How Can We Afford Lithium Batteries?

Every time I come across RVers who have switched to lithium batteries, the first question that comes to mind is: how the heck can they afford lithium batteries? It’s no secret that they are expensive! Lithium batteries can cost anywhere from $5,000 to $8,000. So then, how the hell did we afford them?

Two things: Jerud and Electric Car Parts Company.



With a mechanical engineer background, Jerud is a hands-on, do-it-yourself, I-love-projects type of person. It’s because of him and his brain that we’re living in an all-solar rig without having spent an insane amount of money.

The $5,000 - $8,000 I mentioned above is the cost for an RV solar installer to design, supply all the materials, and install the batteries. To save us a lot of money, Jerud did all that himself.

Jerud working on our lithium battery install.

Electric Car Parts Company

Electric Car Parts Company is the other half of the reason we were able to afford lithium batteries. Jerud found them after he decided that he would build the battery packs himself. This company, based in Salt Lake City, only provides lithium batteries and parts. They don’t do any installation. But their battery prices are so much better than any other company Jerud found.

After exchanging several emails and phone calls, we decided to drive out to Salt Lake City and visit Carl, the owner of Electric Car Parts Company.


New Energy vs. HiPower Lithium Batteries

We were originally interested in purchasing the New Energy 72Ah aluminum cased cells from Electric Car Parts Company. The two main reasons we wanted the New Energy lithium batteries:

  • They are basically copies of CALB cells but at a better price point.

  • They use aluminum casing for better heat dissipation. This is what lithium manufactures are going towards, but most still use plastic casing.

New Energy lithium batteries

It would’ve cost us around $4,700* if we had purchased the entire system using New Energy batteries. This includes 48 batteries and system components, which is a great price for how big of a bank we’d have (864 Ah). But when we met Carl, he offered us a better deal. He had old stock HiPower lithium 200Ah cells that had been sitting on his shelf for a year or so. (We got really lucky because this doesn't happen often.) These batteries were unused, but were returned by the original purchaser.

HiPower lithium batteries

While there’s nothing wrong with these batteries, it was a bit of a gamble purchase for us. HiPower is no longer in business. This means there isn’t any warranty support for these batteries. While the batteries weren’t used by the previous owner, we don’t know for sure what the person did to them. After doing an internal resistance and voltage tests on the HiPower cells, we decided the amount of money we would save on these batteries was worth the gamble. We got the HiPower batteries for $60 per cell and purchased 20, making our battery bank 1,000Ah. It ended up costing us around $2,000* for the batteries, system components, and hardware.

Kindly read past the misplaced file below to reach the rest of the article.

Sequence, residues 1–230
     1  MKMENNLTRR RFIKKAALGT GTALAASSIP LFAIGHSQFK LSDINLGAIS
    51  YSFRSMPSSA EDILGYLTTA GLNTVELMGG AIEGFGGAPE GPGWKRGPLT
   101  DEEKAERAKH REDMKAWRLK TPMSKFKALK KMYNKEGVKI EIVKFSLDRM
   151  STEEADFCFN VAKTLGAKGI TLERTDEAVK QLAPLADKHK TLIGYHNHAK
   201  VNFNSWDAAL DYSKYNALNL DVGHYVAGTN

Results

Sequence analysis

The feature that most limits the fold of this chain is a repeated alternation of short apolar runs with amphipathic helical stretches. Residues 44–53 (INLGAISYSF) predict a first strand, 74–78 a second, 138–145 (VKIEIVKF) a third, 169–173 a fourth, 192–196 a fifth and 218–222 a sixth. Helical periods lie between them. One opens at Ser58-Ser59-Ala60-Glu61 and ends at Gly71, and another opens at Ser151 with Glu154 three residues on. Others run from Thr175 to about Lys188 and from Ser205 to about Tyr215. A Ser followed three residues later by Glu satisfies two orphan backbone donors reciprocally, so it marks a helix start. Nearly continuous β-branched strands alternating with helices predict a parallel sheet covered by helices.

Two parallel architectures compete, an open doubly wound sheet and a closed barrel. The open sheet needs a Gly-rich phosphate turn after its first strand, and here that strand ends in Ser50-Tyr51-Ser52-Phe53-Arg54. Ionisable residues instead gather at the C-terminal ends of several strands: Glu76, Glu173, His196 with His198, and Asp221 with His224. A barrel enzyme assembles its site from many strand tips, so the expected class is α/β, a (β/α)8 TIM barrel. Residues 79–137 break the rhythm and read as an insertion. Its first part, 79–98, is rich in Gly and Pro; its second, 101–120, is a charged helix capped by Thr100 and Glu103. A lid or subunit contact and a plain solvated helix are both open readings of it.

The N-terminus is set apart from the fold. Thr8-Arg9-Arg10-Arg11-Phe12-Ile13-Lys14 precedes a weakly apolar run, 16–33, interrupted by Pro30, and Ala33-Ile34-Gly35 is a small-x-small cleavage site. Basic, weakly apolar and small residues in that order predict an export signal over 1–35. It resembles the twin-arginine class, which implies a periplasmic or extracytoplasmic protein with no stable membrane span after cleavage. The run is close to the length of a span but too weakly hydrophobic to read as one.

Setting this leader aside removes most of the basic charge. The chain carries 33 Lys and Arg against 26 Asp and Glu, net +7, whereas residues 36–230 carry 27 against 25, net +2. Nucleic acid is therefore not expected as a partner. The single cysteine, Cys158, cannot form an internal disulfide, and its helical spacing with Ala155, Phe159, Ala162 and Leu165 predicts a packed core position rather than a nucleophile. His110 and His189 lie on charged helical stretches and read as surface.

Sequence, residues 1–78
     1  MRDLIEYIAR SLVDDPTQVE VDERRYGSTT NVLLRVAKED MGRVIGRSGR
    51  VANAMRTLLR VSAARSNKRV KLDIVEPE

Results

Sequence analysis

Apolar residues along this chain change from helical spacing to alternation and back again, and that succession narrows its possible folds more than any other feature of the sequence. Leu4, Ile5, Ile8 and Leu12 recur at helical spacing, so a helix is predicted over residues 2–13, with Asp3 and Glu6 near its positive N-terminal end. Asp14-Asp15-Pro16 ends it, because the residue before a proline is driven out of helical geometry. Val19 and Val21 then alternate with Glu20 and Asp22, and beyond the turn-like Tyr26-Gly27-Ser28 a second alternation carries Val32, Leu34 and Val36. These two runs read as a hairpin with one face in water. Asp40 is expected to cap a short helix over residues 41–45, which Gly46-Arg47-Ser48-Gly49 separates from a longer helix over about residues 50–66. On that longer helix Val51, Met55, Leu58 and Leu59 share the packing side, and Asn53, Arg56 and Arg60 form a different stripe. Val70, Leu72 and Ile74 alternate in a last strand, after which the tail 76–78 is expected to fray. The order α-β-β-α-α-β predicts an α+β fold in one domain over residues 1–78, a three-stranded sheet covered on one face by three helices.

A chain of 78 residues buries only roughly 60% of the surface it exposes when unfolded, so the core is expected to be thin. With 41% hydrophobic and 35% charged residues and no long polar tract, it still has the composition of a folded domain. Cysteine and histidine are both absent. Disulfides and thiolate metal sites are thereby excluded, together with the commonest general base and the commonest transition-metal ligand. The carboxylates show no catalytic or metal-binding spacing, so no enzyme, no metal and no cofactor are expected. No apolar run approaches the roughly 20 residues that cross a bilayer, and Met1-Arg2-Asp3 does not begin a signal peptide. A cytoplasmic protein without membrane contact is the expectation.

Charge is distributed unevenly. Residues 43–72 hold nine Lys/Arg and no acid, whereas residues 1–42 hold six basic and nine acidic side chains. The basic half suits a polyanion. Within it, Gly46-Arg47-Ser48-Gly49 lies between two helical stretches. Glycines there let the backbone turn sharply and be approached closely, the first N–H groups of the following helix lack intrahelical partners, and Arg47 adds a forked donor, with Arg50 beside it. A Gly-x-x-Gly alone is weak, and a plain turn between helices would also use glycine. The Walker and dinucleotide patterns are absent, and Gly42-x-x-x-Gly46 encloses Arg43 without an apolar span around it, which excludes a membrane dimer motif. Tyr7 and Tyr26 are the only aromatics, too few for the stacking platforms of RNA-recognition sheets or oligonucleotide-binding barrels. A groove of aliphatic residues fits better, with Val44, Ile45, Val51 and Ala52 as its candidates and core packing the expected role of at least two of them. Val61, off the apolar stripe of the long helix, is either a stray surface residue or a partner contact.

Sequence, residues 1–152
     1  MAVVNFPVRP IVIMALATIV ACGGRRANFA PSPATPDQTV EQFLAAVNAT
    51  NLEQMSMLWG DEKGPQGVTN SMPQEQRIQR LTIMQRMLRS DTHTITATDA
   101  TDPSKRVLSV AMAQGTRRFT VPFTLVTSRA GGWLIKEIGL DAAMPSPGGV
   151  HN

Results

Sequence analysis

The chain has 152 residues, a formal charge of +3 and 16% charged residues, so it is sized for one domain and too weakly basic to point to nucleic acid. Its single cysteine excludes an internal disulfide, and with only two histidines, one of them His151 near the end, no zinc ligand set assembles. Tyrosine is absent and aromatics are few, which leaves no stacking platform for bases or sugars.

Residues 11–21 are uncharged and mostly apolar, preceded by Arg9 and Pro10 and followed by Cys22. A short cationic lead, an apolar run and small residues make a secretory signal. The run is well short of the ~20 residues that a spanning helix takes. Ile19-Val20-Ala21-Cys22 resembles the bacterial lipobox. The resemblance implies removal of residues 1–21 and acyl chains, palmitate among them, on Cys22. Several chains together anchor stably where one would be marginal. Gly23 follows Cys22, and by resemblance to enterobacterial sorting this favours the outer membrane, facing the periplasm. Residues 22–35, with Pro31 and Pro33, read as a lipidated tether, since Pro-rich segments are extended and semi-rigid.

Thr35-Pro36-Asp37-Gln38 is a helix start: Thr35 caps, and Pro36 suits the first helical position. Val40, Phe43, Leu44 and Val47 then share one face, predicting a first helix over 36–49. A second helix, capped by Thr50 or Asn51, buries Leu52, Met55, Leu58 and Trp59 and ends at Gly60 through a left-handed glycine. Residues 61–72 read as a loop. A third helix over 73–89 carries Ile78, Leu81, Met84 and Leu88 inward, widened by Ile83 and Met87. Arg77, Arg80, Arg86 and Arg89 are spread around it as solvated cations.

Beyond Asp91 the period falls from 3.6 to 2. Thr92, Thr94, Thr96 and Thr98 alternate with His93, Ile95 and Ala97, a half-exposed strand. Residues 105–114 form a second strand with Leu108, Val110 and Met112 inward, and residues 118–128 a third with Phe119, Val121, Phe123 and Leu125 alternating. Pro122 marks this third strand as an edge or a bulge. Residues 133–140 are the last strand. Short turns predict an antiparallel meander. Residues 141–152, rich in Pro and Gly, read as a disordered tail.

*These numbers are all approximates because we haven’t had the chance to calculate the final numbers. We’ll do a cost breakdown in a future post.

Getting the HiPower batteries also meant a bit more work on our part.

  • They are a lot bigger (and heavier) than the New Energy batteries. This made it more difficult to fit them inside our RV battery compartment.

  • They have plastic casing which meant we had to design a system for it to better dissipate heat.

  • Since these were old stock batteries, we had to scrounge up busbars to use with them.

  • The New Energy batteries come with holes in the casing so they are easy to assemble into a pack. The HiPower cells required a DIY solution to hold them together.

But you know what, that’s just the cost of saving money.

New Energy lithium cell on top of the HiPower cell we ended up getting.

New Energy lithium cell on top of the HiPower cell we ended up getting.

Lithium batteries are still kind of like the wild west – they’re not as established and as well understood as lead acid batteries. We were OK with taking potential risk with the HiPower batteries because we didn’t want to buy expensive, nice batteries and end up wrecking them from ignorance. There isn’t a manual out there for us to follow to design, install, and configure our new lithium battery equipment. Jerud has spent exceedingly long hours researching online to figure out our system and will have to monitor it carefully for a while to make sure we don’t damage it.

Check out our solar page to see what our current system consists of.

*We're not an affiliate of Electric Car Parts Company, but if you buy anything from them, let them know Jerud and Ching sent you!



Or Show Your Support Through Ching’s Shop, Viridian Range.

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